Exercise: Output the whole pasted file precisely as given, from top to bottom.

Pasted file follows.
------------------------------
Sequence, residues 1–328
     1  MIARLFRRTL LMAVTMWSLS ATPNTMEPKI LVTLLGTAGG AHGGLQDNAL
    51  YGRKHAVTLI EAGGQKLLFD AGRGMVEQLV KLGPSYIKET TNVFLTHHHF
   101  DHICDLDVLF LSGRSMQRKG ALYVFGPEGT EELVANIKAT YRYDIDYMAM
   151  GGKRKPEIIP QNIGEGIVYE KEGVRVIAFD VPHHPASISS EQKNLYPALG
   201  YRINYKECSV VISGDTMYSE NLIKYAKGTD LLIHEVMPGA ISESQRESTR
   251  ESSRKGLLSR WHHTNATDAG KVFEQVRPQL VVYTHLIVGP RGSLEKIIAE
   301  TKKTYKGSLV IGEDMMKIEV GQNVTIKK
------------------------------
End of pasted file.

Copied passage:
Sequence, residues 1–328
     1  MIARLFRRTL LMAVTMWSLS ATPNTMEPKI LVTLLGTAGG AHGGLQDNAL
    51  YGRKHAVTLI EAGGQKLLFD AGRGMVEQLV KLGPSYIKET TNVFLTHHHF
   101  DHICDLDVLF LSGRSMQRKG ALYVFGPEGT EELVANIKAT YRYDIDYMAM
   151  GGKRKPEIIP QNIGEGIVYE KEGVRVIAFD VPHHPASISS EQKNLYPALG
   201  YRINYKECSV VISGDTMYSE NLIKYAKGTD LLIHEVMPGA ISESQRESTR
   251  ESSRKGLLSR WHHTNATDAG KVFEQVRPQL VVYTHLIVGP RGSLEKIIAE
   301  TKKTYKGSLV IGEDMMKIEV GQNVTIKK